Charles Ives: Hallowe’en, from “Three Outdoor Scenes” (1906)
“The Concert from Hell” explores the dark, disturbed, and deranged corners of the string chamber repertoire. The centerpiece is George Crumb’s iconic Black Angels, a harrowing portrayal of the coexistence of good and evil, inspired by the Vietnam War. The composer refers to it as a “parable on our troubled contemporary world.” Armed with an impressive arsenal of percussion, extended techniques, and verbal-theatrical instructions, Momenta is elated to present this visceral and transportive experience. Julián Carrillo’s String Quartet No. 8 will open the program–this microtonal composer is a cult favorite in his native Mexico, and his signature “Thirteenth Sound” is sure to immediately set the evening’s spine-chilling tone. Other highlights include Philip Glass’ String Quartet No. 2, “Company,” written as incidental music for a staging of Samuel Beckett’s eponymous prose poem. Beckett’s novella unfolds from the perspective of an old man lying infirm in a dark room as he reflects upon his ever-fading existence, trapped in the hellish existential despair of his own head. Uncontrollable dark thoughts are a central feature of Eugene Ysaye’s second Violin Sonata from the Op. 27 set, which obsessively revolves around Bach quotations and the famous liturgical chant theme “Dies Irae,” before finally descending into Hell in a fiendishly difficult finale. Momenta and eminent guest pianist Gilbert Kalish will conclude the evening with Charles Ives’ Hallowe’en, which, according to Ives, was “written for a Halloween party and not for a nice concert.”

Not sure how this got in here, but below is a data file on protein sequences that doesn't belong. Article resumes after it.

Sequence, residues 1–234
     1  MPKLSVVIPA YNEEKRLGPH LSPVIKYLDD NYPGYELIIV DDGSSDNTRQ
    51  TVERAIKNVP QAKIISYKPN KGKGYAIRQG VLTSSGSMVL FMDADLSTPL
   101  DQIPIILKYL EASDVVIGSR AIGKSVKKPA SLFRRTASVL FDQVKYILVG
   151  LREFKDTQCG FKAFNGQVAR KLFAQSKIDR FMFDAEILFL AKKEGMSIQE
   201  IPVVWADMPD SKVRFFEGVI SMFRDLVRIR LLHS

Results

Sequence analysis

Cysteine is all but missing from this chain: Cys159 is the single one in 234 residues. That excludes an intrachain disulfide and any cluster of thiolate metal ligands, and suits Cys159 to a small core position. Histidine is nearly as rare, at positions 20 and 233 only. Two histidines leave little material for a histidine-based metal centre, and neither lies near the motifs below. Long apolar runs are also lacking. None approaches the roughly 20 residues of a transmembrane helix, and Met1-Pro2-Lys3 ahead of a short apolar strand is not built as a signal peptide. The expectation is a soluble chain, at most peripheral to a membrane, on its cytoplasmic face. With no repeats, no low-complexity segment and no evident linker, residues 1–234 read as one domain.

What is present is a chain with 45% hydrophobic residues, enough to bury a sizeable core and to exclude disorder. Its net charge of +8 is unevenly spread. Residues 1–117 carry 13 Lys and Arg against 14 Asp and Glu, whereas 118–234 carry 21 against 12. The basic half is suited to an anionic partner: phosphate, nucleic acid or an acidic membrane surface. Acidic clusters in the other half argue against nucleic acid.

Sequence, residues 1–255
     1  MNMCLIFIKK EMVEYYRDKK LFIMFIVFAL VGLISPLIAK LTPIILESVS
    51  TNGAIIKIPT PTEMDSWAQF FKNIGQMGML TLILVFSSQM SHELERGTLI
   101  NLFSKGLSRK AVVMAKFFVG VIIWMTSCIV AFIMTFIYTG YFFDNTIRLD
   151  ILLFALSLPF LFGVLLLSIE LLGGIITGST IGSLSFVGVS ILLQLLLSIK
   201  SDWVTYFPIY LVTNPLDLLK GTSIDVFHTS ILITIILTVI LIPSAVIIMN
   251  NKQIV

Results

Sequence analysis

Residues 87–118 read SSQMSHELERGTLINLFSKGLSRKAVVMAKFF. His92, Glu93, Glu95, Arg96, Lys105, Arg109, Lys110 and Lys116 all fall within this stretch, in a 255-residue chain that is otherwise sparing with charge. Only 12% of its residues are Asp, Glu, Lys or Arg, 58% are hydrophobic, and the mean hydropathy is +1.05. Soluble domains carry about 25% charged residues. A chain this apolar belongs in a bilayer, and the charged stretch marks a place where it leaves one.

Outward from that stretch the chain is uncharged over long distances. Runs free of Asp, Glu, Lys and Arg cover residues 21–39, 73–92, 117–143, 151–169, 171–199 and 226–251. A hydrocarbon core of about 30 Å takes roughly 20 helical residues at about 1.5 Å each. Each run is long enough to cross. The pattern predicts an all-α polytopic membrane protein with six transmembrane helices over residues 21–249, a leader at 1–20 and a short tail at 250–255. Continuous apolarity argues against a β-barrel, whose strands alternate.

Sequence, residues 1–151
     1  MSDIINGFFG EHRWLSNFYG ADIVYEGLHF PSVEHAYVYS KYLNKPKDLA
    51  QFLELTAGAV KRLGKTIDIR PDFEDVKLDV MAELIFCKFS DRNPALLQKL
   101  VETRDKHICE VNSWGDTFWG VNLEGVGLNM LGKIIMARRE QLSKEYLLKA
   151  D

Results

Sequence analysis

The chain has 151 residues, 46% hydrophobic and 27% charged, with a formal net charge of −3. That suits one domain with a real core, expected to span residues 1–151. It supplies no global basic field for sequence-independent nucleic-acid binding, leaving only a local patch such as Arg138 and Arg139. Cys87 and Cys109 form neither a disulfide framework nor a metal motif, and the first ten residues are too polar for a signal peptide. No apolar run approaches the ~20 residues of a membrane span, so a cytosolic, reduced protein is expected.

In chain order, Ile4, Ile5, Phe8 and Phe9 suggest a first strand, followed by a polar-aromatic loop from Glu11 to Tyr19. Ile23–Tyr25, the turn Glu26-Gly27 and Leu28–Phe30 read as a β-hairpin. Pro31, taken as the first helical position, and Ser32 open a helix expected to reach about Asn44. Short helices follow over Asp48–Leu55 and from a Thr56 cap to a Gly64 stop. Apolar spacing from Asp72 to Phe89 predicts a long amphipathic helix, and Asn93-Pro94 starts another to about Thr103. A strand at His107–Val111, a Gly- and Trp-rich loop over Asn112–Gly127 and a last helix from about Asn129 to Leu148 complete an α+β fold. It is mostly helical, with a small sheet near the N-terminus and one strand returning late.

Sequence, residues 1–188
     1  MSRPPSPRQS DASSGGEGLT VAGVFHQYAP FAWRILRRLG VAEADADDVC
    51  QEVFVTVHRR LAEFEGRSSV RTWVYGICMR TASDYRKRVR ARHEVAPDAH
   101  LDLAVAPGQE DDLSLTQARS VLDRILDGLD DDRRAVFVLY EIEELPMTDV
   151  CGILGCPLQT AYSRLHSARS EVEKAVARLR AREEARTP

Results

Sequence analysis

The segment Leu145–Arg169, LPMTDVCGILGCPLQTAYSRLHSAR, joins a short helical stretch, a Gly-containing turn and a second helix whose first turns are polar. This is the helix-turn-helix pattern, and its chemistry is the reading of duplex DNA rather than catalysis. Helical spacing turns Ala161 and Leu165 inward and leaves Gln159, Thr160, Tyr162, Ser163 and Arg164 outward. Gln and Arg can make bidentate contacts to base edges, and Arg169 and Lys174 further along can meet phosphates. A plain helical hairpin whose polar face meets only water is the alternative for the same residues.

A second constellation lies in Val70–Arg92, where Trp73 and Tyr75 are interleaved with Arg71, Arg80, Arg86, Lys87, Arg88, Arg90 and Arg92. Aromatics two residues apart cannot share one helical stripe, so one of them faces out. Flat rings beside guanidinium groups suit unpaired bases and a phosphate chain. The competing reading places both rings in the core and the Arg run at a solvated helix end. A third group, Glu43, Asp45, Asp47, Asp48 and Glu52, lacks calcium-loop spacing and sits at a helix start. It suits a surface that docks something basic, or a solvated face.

George Crumb: Sonata for Solo Cello (1955)
Michael Small: Memory Palace (2014-15) NYC PREMIERE *written for Momenta
Luigi Boccherini: String Quintet in C Major, Op. 28 No. 4, G. 310 (1779)
Tomas Luis de Victoria: Quam pulchri sunt (1572)
Claude Debussy: String Quartet in G minor Op. 10 (1893)
Crumb’s early Sonata for Solo Cello opens the comparatively mellow third program, “Memory Palace.” The piece occupies a much less abrasive and more mystical space than the second program’s Black Angels. While works from the classical and Renaissance periods provide sharp contrasts to the rest of the program, Michael Small’s eponymous Memory Palace precariously sways back and forth between soft flutterings and searing cries. Debussy’s beloved String Quartet concludes the program, just as it does the album whose release the festival celebrates.
Borey Shin: Trio for Bass Flute, Viola and Cello (2014) NYC PREMIERE
Wilfrido Terrazas: The Life in My Viola (2014) US PREMIERE
Gordon Beeferman: Tunnel Visions (2015) WORLD PREMIERE
Yusef Lateef: String Quartet no. 3 (2013) WORLD PREMIERE
Viola / Flute Improvisation
Arthur Kampela: Uma Faca Só Lâmina (‘A Knife All Blade,’ 1998)
Outside her activities with Momenta, curator and violist Stephanie Griffins’s main musical interests lie in the realm of improvisation, and the intersection between the aesthetics of avant-jazz and fully notated compositions. A shining example of this crossroads is Uma Faca Só Lâmina (‘A Knife All Blade,’ 1998) by improvising guitar wizard and self-proclaimed “Brazilian madman” Arthur Kampela. Momenta spent four years learning this extremely complex quartet, which Kampela waited fifteen years to hear, and Momenta’s debut album Similar Motion features its world premiere recording. The program will also include premieres of three pieces written for Stephanie by her improvisational colleagues, Borey Shin, Wilfrido Terrazas and Gordon Beeferman. Also on the program is the posthumous world premiere of jazz visionary Yusef Lateef’s String Quartet No. 3 (2013). After hearing Momenta premiere his String Quartet no. 2 in 2013, Lateef gave Momenta the score and parts to his most recent string quartet and said he would be honored if they would give its world premiere.